April 22, 1969. Rehearing Denied June 23, 1969.
Appeal from the Circuit Court for Broward County, Lamar Warren, J.
Donald H. Norman, of Ross, Norman Cory, Fort Lauderdale, for appellant Watson.
Ronald B. Sladon, Dean Andrews and Elwood Obrig, Fort Lauderdale, for appellant city.
Martin F. Avery, Jr., of Berryhill Avery Law, Fort Lauderdale, for appellee.
This litigation began in 1960 when the plaintiff, Mayflower Property, Inc., filed a suit in equity in the Circuit Court for Broward County, Florida, against the City of Fort Lauderdale to test the validity of a zoning ordinance of the city which imposed the classification of R-1-A (single family residential) on the plaintiff's property. Owners of property in the vicinity of the plaintiff's land were permitted to intervene. The intervenors and the city will be referred to herein as "defendants". The plaintiff's complaint in essence demanded that the trial court declare the R-1-A zoning classification invalid as it applied to the plaintiff's property and enjoin enforcement of the R-1-A zoning ordinance against such property.
For those interested in some of the procedural aspects of this case leading up to the final hearing, reference may be made to Mayflower Property, Inc. v. City of Fort Lauderdale, Fla.App. 1962, 137 So.2d 849.
"ORDERED, ADJUDGED And DECREED that the zoning which classifies the tract as R-1-A, restricting its use to single family dwellings, is arbitrary and unreasonable, has no substantial relation to the public health, safety, or general welfare, and is unconstitutional and void insofar as it applies to plaintiff's land."
The final decree was appealed to the Second District Court of Appeal and affirmed. Watson v. Mayflower Property, Inc., Fla.App. 1965, 177 So.2d 355. Certiorari was denied by the Florida Supreme Court, Watson v. Mayflower Property, Inc., Fla. 1965, 183 So.2d 215.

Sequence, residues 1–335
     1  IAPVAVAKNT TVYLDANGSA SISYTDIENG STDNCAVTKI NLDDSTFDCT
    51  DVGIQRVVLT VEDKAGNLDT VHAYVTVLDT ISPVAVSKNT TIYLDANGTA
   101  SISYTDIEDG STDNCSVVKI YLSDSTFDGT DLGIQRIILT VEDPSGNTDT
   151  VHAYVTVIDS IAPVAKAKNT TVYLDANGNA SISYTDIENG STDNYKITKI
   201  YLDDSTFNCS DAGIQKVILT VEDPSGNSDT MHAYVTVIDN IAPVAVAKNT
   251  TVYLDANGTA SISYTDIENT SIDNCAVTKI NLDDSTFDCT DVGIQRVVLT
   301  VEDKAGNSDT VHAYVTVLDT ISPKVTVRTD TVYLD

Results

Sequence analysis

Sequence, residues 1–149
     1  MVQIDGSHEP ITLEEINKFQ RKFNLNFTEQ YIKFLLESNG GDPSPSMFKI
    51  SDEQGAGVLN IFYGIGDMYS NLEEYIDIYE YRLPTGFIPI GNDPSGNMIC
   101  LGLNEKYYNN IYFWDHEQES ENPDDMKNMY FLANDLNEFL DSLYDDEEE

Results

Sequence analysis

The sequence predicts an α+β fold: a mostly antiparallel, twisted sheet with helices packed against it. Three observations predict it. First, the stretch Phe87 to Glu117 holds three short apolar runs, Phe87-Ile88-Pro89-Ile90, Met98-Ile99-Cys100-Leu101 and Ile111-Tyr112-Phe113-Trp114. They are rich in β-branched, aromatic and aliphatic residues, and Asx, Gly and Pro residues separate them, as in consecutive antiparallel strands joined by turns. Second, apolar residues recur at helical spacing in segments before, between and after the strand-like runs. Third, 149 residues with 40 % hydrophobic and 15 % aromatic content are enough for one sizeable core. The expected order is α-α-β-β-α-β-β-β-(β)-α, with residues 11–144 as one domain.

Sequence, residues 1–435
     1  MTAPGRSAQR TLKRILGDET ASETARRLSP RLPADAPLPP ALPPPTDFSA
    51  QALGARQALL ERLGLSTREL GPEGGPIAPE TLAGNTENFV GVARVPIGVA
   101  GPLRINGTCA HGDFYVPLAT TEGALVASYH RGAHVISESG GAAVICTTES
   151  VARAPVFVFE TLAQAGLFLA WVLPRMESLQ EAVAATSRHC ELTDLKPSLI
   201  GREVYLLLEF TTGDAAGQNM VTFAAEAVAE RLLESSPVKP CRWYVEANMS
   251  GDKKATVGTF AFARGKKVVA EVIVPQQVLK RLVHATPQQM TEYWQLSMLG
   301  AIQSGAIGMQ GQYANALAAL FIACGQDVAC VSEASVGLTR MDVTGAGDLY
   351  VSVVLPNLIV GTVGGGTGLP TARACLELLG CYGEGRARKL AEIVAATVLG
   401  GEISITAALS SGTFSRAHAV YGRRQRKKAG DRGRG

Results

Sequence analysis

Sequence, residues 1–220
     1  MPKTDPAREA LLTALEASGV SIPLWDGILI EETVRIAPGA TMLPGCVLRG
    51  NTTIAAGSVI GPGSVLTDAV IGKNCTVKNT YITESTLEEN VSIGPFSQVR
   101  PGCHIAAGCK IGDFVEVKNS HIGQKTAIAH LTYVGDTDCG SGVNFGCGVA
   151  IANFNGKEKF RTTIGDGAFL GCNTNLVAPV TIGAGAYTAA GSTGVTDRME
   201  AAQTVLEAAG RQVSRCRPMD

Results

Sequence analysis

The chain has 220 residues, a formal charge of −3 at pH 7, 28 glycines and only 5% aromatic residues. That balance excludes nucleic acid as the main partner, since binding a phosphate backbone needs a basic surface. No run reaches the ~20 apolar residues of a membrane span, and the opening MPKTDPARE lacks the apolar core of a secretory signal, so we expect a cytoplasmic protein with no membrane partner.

After the petition for the writ of certiorari was denied, the plaintiff applied to the City of Fort Lauderdale to have its property rezoned to the classification "R-4." The City of Fort Lauderdale rezoned the property not to R-4 but to "R-3-A". The plaintiff, being dissatisfied with the R-3-A zoning classification given his property, filed in the same circuit court proceeding a "Motion for Summary Post-Decretal Relief". This motion recited that the R-3-A zoning violated the final decree of 30 April 1964 and requested an order compelling, "the Defendant City of Fort Lauderdale, to re-zone Plaintiff's property R-4, which zoning classification was clearly demonstrated at the Final Hearing herein as being compatible with the findings of fact and conclusions of law, as enunciated in the Final Decree."
The defendants filed answers asserting that the R-3-A zoning classification was valid and not in violation of the final decree of 30 April 1964 or in violation of the plaintiff's constitutional rights.
The issues made by the motion for summary post-decretal relief and the answers were heard by the same trial judge. Evidence was presented. Based thereon the trial judge entered an order on 9 November 1967 pertinent parts of which are as follows:
"* * *
"In the final decree [that of 30 April 1964] it was found among other things that the highest and best use for the property was for hotels and apartments.
"* * *
"The evidence offered by the defendants failed to show that the R-3-A zoning had a substantial relationship to public health, safety, morals and general welfare, and supplemental relief therefore will be granted.
"Defendants' strongest showing was that traffic conditions would be increased however this is a matter that should be resolved by the City. The city planning director testified that, as to the area involved, the City's present plan was `totally inadequate'; that except for the existing plan for state road A1A there were no additional plans, other than the present street system.
"* * *
"It is, therefore
"ADJUDGED that the City Commission of the City of Fort Lauderdale rezone plaintiff's property in such a manner as will permit its use for hotels and apartments, height unlimited, such as R-4." (Emphasis added.)
It is from this order that the present appeal has been taken by the defendants.
The following statement of facts is taken from the evidence which was presented to the trial court at the time of the hearing on the plaintiff's motion for summary post-decretal relief. The real property which is the subject matter of this action is located in the City of Fort Lauderdale. It has a thousand foot frontage on the Atlantic Ocean and is approximately 450 feet in width. On the west side of the property is Mayan Lake. Along the west boundary of Mayan Lake is a residential area containing single family dwellings in a subdivision known as Harbor Beach. Mayan Lake is about 200 feet wide and separates the plaintiff's property from the Harbor Beach Subdivision.